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Albemarle Educators Meet with Delegates to Talk Legislative Wish - NBC29 WVIR Charlottesville, VA News, Sports and Weather

Albemarle Educators Meet with Delegates to Talk Legislative Wish List

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If Albemarle County Schools are going to see some of the changes they want in Richmond,  it's going to take political alliances to make things happen in the General Assembly. Educators met with delegates at the Albemarle County Office Building Tuesday to try and get everyone on the same page.

Albemarle County School leaders were very clear that Standards of Learning test reform is their main concern going into the next legislative session. The Albemarle County School Board says the problem with Virginia SOLs is not just the tests themselves, but the amount of them. Virginia students take 34 state assessments from third grade on, while the Department of Education only requires 17.

"What we're looking for here in Albemarle County is a potential reduction in testing, the numbers of tests our kids take, but also a change in the assessments to assessments that we consider as being the kinds of assessments that more effectively measure what we believe is worth our children learning,” said Pamela Moran, superintendent of Albemarle County Schools.

The kinds of assessments they want are projects instead of tests. Delegate Steve Landes says this test reduction could be the answer to getting the funding they need for an entire new system of student assessment.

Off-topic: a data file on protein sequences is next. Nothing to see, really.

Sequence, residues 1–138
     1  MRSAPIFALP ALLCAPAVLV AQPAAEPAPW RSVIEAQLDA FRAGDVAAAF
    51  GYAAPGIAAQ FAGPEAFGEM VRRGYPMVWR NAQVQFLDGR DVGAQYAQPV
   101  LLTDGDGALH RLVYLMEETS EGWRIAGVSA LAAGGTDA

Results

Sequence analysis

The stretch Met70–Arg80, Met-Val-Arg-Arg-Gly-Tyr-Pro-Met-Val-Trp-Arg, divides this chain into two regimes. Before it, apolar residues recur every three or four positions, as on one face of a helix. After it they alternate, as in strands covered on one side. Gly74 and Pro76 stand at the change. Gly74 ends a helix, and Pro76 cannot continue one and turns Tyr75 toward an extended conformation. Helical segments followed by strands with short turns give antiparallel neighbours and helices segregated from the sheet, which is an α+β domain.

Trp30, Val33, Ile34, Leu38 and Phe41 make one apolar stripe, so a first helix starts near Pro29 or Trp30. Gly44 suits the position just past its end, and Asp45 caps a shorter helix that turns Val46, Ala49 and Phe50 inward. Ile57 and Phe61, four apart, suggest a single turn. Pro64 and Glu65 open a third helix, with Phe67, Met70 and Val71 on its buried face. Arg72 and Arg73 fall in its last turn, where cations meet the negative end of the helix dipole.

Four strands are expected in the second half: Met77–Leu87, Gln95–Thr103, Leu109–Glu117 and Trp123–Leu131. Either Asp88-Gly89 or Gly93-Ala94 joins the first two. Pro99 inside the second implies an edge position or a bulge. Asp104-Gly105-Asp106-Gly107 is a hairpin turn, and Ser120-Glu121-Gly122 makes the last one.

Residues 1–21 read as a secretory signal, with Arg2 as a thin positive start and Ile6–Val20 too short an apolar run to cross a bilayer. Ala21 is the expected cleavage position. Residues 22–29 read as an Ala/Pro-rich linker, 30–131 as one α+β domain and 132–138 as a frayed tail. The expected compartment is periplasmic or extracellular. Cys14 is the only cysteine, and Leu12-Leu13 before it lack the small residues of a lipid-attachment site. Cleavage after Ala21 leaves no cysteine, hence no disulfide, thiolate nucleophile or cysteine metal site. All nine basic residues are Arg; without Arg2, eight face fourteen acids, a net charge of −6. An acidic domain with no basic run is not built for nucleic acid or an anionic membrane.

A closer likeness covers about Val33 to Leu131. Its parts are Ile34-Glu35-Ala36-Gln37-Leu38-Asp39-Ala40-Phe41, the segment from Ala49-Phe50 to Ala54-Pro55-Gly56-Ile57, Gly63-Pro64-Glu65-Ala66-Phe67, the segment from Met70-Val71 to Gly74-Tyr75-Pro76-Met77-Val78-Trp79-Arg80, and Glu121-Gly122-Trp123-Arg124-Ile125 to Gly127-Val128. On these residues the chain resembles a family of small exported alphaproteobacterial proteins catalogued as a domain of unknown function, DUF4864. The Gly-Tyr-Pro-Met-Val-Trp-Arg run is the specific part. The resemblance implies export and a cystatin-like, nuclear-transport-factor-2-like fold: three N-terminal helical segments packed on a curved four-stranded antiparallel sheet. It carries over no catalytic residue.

"If we go with a different assessment, then what we're using now, you've got a phase in period, you've got to pay for that somehow. If you reduce the number of tests though, that could keep us level if you will from the standpoint it won't cost anymore,” said Landes.

But there are some roadblocks. Two big-ticket items up for debate in the General Assembly are retirement contributions and Medicaid. Both require the funding these new assessments would pull from - but perhaps the biggest factor of all is the slowly recovering economy.

"Where we might recover 8 percent, we're at about 4, 4.6 percent at this point. So that makes it a challenge because if you don't have the resources for the dollars to put there, it's a concern,” said Landes.

Albemarle wants the switch from test-based to project-based assessments to happen within the next two years. It all depends on how much funding gets allocated toward the project come January’s General Assembly session. 

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